different. So, waiting for somebody or something, in German, Herr Kramer wartet auf Sie, that
is what it says. … (writes on the white board) … Herr Kramer wartet auf mich /dich /Sie, So you
have to use ‘warten’ with ‘auf’. “Wir warten auf den Lehrer.” Zum Beispiel. What is the
meaning of this ? We are waiting for the Teacher, Ja, We are waiting for the Teacher.

So … (writes on the white board) … ‘warten auf (+ Akk)’. Wir warten auf ‘den’ Lehrer. Den
Lehrer is the Akkusativ form of der Lehrer right ? Which means warten auf is an expression - to
wait for something or somebody, where that somebody or something that you are waiting for has
to be in the, what form ?

[ Students : Akkusativ form ]

Instructor : Akkusativ form. So we write it like this, warten auf plus Akkusativ. That means if
you use warten auf, then whatever comes after that, whatever it is that you are waiting for, or
whoever it is that you are waiting for, that noun or pronoun will be in the Akkusativ form. You
have to use the akkusativ form there. So, we have to now, I hope it is clear enough, your Quiz 2
is already less than 48 hours away. So the forms will have to be learnt by heart. I mean you have
to know, der - den, das - das, die - die, you have to be able to identify whether it is an object or
not and then know the forms.

If we use an expression like this, for example in the Quiz, we have not done verbs with specific,
what is auf ? What kind of a word it is ?

[ Students : Preposition ]

Instructor : Preposition. If we have not done verbs with specific prepositions, and I give you
let’s say, warten auf, in a quiz, then I will mention that it is Akkusativ. Like this, as mentioned
here. And you should know what it means, Ok. So, warten auf is Akkusativ. Wir warten auf den
Lehrer. So, that is warten auf. Ja, any other problems with this ?

[ Student : What is Abteilung ? ]

Instructor : Abteilung, Personalabteilung ?

[ Students : … (buzz) … ]

Instructor : (Writes on the white board ) der Teil, die Teile, is part in all senses of the term. To
take part is also Teil. And die Abteilung, die Abteilungen is department. Ok, any other problem?
Wir hoeren dann, wir hoeren 3b, und 3c, hoeren Sie das Telefon Gespraech von Anika. Jetzt
haben wir ein Telefongespraech. Eine Telefonkonversation, Gespraech - conversation,
Gespraech. Was ist das Problem ? So, there is a problem there, which will become evident
through the conversation. Was ist das Problem ? Ja ! … (puts up Audio clip) …

[ Textbook audio is played ] Time : 23:38

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“Aufgabe 3b.”

Instructor : It is clear enough no, Aufgabe 3b.

[ Textbook audio is played ] Time : 23:46

Till … Time : 25:42

Instructor : Was ist das Problem ?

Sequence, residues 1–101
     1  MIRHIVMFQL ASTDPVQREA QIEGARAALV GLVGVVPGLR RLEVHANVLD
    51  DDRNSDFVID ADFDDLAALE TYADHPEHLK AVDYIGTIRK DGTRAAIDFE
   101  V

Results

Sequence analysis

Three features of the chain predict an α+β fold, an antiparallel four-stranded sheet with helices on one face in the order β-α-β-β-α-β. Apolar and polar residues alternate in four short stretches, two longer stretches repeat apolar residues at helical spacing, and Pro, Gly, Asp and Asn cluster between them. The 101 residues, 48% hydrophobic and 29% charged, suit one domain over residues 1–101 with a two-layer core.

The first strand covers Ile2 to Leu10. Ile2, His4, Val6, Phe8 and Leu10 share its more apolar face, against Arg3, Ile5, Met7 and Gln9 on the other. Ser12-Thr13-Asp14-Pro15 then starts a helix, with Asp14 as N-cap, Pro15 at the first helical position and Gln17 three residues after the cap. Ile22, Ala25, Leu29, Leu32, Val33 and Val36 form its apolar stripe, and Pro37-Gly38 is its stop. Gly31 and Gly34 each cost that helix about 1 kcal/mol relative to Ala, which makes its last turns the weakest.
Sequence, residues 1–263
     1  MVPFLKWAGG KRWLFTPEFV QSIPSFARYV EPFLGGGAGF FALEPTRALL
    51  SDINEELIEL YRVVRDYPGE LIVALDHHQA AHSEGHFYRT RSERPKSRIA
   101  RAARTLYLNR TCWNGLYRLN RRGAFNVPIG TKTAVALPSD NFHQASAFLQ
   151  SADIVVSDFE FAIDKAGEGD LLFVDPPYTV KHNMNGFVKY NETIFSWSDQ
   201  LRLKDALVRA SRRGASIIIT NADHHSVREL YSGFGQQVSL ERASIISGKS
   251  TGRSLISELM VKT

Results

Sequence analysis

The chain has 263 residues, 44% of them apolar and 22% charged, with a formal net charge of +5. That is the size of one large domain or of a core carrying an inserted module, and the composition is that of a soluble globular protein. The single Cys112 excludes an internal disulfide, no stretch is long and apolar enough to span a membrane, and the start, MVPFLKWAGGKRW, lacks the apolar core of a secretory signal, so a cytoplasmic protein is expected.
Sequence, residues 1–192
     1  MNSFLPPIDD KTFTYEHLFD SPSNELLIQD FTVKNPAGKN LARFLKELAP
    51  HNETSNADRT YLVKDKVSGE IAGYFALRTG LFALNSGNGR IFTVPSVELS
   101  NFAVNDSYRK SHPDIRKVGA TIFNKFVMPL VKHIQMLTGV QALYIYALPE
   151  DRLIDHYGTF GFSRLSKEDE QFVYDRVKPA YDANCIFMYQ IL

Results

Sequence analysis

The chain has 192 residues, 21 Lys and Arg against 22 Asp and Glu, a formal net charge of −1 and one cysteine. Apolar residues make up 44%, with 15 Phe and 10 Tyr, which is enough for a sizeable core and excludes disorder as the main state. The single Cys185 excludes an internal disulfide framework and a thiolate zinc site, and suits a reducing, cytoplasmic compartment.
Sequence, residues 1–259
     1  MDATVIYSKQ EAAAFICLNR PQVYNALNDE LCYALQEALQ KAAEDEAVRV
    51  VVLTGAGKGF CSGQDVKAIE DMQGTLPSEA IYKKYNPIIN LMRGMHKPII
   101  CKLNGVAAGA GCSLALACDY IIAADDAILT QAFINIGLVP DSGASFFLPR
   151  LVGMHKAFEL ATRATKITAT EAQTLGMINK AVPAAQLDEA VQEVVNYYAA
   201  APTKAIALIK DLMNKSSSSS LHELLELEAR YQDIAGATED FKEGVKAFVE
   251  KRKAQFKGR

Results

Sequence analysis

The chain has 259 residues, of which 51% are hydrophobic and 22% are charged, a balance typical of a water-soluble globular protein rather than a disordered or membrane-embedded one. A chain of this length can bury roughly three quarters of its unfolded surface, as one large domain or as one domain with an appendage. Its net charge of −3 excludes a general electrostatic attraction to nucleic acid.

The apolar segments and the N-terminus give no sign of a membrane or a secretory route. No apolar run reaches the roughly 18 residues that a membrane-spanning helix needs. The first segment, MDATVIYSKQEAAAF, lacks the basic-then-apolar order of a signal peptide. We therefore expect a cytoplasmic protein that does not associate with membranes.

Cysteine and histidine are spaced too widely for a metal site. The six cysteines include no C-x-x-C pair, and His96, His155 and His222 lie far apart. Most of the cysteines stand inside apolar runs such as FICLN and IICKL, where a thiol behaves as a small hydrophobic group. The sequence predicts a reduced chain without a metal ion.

[ Student : We thought it’s a lady called Claudia, but it’s a guy called Claudio. ]

Instructor : Everybody thought, it’s a lady, Claudia. But it’s a man called Claudio Schneider.
So, what happens ? What else did you get from the dialogue, the conversation ? From the voice,
from Anika Lindstroem’s voice or whatever it is. If you are saying it say it loudly.

[ Student : … anxious ? ]

Instructor : Rather embarrassed. She uses a word called peinlich, peinlich is embarrassing.
Very quickly, we will go through the conversation sentence by sentence. I can’t translate every
sentence, but, I am sorry about the telephone ring is really bad.

[ Textbook audio is played ] Time : 27:03

Hallo ! Kann ich bitte mit Frau Schneider sprechen ?

Frau Schneider, hier gibt es keine Frau Schneider.

Das ist aber komisch. … Komisch ?

[ Student : … funny ]

Instructor : That’s funny. That’s strange. Ich bin neu hier, und ich habe einen Brief von Frau
Schneider bekommen. Bekommen ? To get, to receive. I have received, I have got a letter from
Frau Schneider. Ja ! Claudia Schneider. Ah, Sie sind Frau Lindstroem, die neue Mitarbeiterin.
Mitarbeiter ?

[ Student : Co-worker ]

Instructor : Co-worker, colleague. Mitarbeiter und Mitarbeiterin. Eine Frau Claudia Schneider
gibt es hier wirklich nicht. Wirklich ? Really. There isn’t really any Miss Claudia Schneider
here. Aber einen Herrn Claudio Schneider. But, a Mr. Claudio Schneider.

O nein wie peinlich. That is where she understands what mistake she has made and says, O nein
wie peinlich. O no, how embarrassing. Aber Herr Claudio Schneider sagt, kein Problem, ich
kann meine Schrift manchmal selber nicht lesen. Ich kann meine Schrift, Schrift ? Handwriting,
Script, manchmal, manchmal ?

[ Students : Sometimes ]

Instructor : We’ve done the word, manchmal, sometimes. Ich kann meine Schrift manchmal
selber nicht lesen. What is he saying ?
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Time : 30:07

[ Students : … (buzz) … ]

Instructor : Ja, Sometimes I myself cannot read what I am writing. Das tut mir wirklich leid.
Tut mir leid ? Ja, I am sorry, I am really sorry. Nein, nein, das macht doch nichts. Das macht
nichts, that doesn’t matter. Not a problem, not an issue, das macht doch nichts. That’s certainly
not an issue. Wie kann ich Ihnen denn helfen ?

Also Anika Lindstroem, sie liest den Brief (2), und sie sieht die Unterschrift. Die Schrift, -en,
basically the English word Script and the German word Schrift have the same root, Script. Die
Unterschrift, -en, The script that is below, something, the signature. Die Unterschrift is the
signature.

Also Anika Lindstroem, liest den Brief, Sie sieht die Unterschrift, und sie denkt sofort. Sofort -
Immediately. Ja, das ist Claudia Schneider. Aber das ist falsch. Der Name ist Claudio Schneider.
Claudia ist ein Frauenname, und Claudio ist ein Maennername. Ein Maennername und ein
Frauenname. Ok, dann 3c, Ja, 3c, we will leave it out because basically you have to listen to the